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A Letter from the Pastor to Presbytery

I Have a Dream, Part 8
June 24, 2010

In a broken and fearful world Pittsburgh Presbytery glorifies God by joining in covenant life to proclaim in word and deed the good news…

What is the “good news” we proclaim, and how do we best proclaim it? A saying often attributed to St. Francis of Assisi goes, “Always preach the Gospel. When necessary, use words.” Whether or not Francis actually said that, the statement underscores the basic truth that the good news of the Gospel is something as much to be lived as it is to be said.

The word “Gospel” in Greek means literally “good news.” It became associated with Jesus from the very beginning of his ministry, when in his inaugural sermon in his home town he quoted a passage from Isaiah 61, “The Spirit of the Sovereign Lord is on me, because the Lord has anointed me to preach good news to the poor.” In the early church, the whole story of Jesus, from his birth to his ascension, became known as the “Gospel” story. Jesus’ preaching consisted at least as much of his actions as of his words. What he did was as much the Gospel as was what he said.

Proclaiming God’s good news got Jesus in trouble – because what was good news for the poor was not so good for those who were rich. Let’s put it another way – the Gospel is good news for the needy, but not so much for the self-sufficient.

I have a dream, where we as the church offer an irresistible invitation to the neediest of the world. The invitation is Jesus’ Gospel invitation: Come unto me, all you who struggle. (Matthew 11:28) The invitation is irresistible, because it is extended not just in words, but by the way we live together as a community of people that acknowledge their own neediness – need for a Savior, need for one another. The irresistible invitational community is marked not by people having it “all together” – such folk don’t really need a Savior (or at least so it appears), nor do they draw in those who know they do need a Savior.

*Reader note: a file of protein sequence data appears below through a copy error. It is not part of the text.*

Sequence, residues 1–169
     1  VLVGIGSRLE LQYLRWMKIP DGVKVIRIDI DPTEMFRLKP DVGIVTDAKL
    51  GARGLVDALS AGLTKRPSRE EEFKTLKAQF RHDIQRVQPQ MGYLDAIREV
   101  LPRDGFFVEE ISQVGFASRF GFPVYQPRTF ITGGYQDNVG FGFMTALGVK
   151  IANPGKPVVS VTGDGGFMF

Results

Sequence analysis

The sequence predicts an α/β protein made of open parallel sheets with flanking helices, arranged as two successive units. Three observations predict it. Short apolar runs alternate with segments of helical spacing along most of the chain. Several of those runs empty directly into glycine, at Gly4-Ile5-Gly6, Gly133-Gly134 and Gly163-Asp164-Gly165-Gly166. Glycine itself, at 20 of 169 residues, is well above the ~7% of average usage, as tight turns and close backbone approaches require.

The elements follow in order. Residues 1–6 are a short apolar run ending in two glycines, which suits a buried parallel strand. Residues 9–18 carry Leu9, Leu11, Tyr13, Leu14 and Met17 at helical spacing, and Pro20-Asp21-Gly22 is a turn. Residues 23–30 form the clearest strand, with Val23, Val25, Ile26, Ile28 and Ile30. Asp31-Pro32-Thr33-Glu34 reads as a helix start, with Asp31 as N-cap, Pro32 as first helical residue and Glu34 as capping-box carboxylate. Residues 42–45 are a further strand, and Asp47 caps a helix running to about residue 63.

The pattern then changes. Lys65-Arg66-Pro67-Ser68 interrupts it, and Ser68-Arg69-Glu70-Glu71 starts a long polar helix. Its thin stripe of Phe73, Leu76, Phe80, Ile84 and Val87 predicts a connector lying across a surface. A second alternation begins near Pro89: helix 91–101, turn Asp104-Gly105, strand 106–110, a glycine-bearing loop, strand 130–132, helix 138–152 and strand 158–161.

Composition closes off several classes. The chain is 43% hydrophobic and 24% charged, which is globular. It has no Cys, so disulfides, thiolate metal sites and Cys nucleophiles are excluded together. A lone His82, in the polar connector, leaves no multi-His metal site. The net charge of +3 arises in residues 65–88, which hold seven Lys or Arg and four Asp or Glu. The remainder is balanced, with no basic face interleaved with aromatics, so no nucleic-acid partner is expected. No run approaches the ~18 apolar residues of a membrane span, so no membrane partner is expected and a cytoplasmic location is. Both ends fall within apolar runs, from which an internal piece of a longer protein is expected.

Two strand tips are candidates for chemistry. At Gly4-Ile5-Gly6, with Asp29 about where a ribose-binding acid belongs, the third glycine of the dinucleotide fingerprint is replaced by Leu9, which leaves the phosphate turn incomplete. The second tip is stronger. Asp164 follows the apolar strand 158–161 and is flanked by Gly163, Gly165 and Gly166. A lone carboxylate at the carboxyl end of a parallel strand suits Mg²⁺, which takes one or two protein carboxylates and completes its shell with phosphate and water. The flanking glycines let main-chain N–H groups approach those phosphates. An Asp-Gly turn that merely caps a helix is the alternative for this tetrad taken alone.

We demonstrate our sense of need – or lack thereof – in the way we live with one another. Does our life together exhibit genuine interdependence on one another, such that we cannot simply dismiss ourselves from one another’s company? Or is our life together more a voluntary association of like-minded, self-sufficient people who hang together when all is well and go their separate ways when the going gets tough? John says that we prove our love for God in how we love one another; a corollary is that we prove our sense of need for God by displaying real need for each other.

To a world in need of a Savior, we proclaim the good news that there is a Savior, and this Savior is there to lift us and to love us just at the point of our greatest need. And we demonstrate that good news by living as a community of those who express their need of a Savior by owning their need of one another. We cannot say to each other, “I have no need of you,” any more than we can say to the Savior, “I have no need of you.”

In my vision for our presbytery, our proclamation and our actions declare the same message. The word and the way of the church are one – they are fully integrated, perfectly in sync. In short, they manifest integrity.

The credibility of our Gospel proclamation is at stake. If what we say and how we live do not match, the world will not believe our message. Nor should it.  As people who traffic heavily in words, Presbyterians find it relatively easy to declare the good news of reconciliation in word. But what message does our life together proclaim? Does the way we live with one another really display good news, or do we live as just another in a long string of religious groups that go their separate ways when the going gets tough?

With you for the long haul,


The Rev. Dr. Sheldon W. Sorge, Pastor to Presbytery


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